In the afternoon, a band of heavy rain rolled in. I retreated to the tent to read. I lay down and closed my eyes, just for a moment…and when I woke up, it was the middle of the night and I had yet to make dinner!

A sign at the trailhead warned of a recent cougar sighting. Excited at the possibility of seeing such a rare animal, I woke up before dawn, eager to hit the trail. Before getting out of the sleeping bag, I closed my eyes, just for a moment…and when I woke up, it was nine o’clock in the morning and any hope of finding the cougar had passed!

08 Forest at Penrose Point.JPG

08 Forest at Penrose Point. The raindrops beat a loud, continuous patter upon the canopy of maple leaves.

09 Licorice ferns Penrose Point.JPG

09 Licorice ferns, Penrose Point. This species does not require soil for a growth medium, just the mossy trunk of a maple.

10 Fallen leaves Penrose Point.JPG

10 Fallen leaves, Penrose Point. The trees produce one last, exuberant flush of color before lapsing into the quasi-death of winter.

11 Lagoon at Penrose Point.JPG

11 Lagoon at Penrose Point. At low tide, it is possible to walk all the way around the point, but at high tide, you have to stick to the forest path.

I don’t know what ancient wind god I offended, but he played me a cruel prank. When I set out Sunday morning, wind was all but calm, to the point I thought the offshore storm might not have any effect at all this far south. No sooner did I clear the shelter of Penrose Point, however, than the wind picked up, eventually reaching fifteen knots sustained, with gusts as high as twenty. In one-to-two-foot quartering seas, I had to deploy the skeg and make frequent corrective strokes to avoid broaching.

No sooner did I reach the head of the inlet, however, than the wind died to a modest ten knots, and the seas flattened out. The sun came out from behind the clouds for the first time all weekend, as if to celebrate my departure. Windsurfers were launching from the beach, but they had already missed the brunt of the storm.

12 Common mergansers Penrose Point.JPG

12 Common mergansers, Penrose Point. All mergansers were in their basic plumage, making it difficult to distinguish males from females.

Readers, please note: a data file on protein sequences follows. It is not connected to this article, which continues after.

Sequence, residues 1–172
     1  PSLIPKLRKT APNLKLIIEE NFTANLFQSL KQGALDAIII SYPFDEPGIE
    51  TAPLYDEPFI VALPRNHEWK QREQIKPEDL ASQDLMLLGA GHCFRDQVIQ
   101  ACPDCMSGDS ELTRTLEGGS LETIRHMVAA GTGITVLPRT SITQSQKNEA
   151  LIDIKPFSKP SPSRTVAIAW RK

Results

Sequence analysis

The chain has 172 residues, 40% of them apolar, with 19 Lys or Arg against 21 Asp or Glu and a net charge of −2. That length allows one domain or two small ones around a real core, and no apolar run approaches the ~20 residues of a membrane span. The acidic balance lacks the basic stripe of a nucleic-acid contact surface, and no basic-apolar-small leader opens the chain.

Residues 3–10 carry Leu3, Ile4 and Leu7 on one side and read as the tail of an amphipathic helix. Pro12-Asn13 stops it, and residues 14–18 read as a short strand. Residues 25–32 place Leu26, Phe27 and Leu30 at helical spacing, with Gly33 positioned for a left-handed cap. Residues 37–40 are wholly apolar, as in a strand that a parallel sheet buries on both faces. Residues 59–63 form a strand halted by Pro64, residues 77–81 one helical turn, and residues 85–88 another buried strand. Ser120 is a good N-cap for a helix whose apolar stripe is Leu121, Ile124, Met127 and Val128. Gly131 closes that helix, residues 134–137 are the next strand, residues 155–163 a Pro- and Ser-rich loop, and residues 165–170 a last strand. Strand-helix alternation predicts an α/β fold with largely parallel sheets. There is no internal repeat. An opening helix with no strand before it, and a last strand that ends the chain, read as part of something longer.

13 Paddling northbound up Carr Inlet.JPG

13 North end of Carr Inlet. Here, the seas calmed and the sun emerged.

Back at home, I read reports of wind damage from throughout the coastal and inland waters. The south end of Puget Sound may have been the only saltwater in Washington suitable for kayaking.

Though its shores may be lined with houses, the south sound never fails to deliver a first-rate wildlife experience.

Alex

[Cross-posted at alexsidles.com]
 
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cougarmeat

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Sep 17, 2012
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Bend OR USA
Alex, Thank you for the post and now I have another potential kayak destination.

Take heart in what a guide told me (still raises some hairs on my arm), "If you spend enough time in the wild, you may not see a cougar but you can rest assured they have seen you."

I looked at the launch point on Google Earth - where did you park? Looking from the beach back to the main road (302), there appears to be a pull-over/park area to the left.
 
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cougarmeat

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Sep 17, 2012
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Bend OR USA
Alex, Thank you. I hope someday you see your cougar - from a safe distance.
Somewhere around here, there's a video of site making/enhancing/repair of camps in the Howe Sound area. Apparently, white the volunteers were working (middle of the day) - not quiet in the dark of night mind you - a cougar came down the trail just to see what was going on. If not in the video, it's in a still-shot of the endeavor.